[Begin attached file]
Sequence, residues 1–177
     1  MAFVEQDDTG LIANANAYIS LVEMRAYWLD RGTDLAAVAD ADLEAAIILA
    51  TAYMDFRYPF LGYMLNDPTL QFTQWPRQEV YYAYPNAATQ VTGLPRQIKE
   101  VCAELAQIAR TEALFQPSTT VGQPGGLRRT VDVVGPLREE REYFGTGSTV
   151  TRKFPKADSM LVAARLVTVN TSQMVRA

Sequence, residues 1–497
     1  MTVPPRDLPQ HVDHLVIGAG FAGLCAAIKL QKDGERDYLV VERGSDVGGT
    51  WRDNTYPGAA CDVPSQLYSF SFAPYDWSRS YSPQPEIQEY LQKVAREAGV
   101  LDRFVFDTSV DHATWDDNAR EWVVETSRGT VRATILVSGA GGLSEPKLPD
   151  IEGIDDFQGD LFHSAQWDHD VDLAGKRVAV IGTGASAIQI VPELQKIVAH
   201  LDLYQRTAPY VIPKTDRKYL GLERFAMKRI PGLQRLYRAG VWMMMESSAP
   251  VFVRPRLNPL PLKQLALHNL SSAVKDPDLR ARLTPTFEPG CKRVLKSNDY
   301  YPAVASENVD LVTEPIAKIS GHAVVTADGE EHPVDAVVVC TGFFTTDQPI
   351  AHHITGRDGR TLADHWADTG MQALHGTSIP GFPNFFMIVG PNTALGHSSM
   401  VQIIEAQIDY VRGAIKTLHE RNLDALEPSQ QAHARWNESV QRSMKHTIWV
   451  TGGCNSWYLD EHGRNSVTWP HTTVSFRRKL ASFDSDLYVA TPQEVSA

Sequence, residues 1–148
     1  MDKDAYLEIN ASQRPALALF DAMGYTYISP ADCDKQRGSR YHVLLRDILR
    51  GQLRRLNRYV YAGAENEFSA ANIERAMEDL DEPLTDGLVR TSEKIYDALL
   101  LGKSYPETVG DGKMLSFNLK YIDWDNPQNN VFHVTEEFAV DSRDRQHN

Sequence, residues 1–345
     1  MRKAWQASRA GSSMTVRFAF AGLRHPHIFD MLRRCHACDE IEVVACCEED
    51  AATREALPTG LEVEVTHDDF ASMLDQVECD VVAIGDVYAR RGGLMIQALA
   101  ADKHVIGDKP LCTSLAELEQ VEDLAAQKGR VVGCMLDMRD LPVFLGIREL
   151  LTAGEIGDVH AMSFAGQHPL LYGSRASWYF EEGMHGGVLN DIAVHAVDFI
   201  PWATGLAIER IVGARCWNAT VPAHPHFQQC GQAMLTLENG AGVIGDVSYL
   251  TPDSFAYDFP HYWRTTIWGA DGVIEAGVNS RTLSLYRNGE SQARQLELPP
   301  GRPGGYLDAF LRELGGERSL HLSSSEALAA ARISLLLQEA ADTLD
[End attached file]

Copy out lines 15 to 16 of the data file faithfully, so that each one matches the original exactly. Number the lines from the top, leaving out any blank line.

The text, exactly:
   401  VQIIEAQIDY VRGAIKTLHE RNLDALEPSQ QAHARWNESV QRSMKHTIWV
   451  TGGCNSWYLD EHGRNSVTWP HTTVSFRRKL ASFDSDLYVA TPQEVSA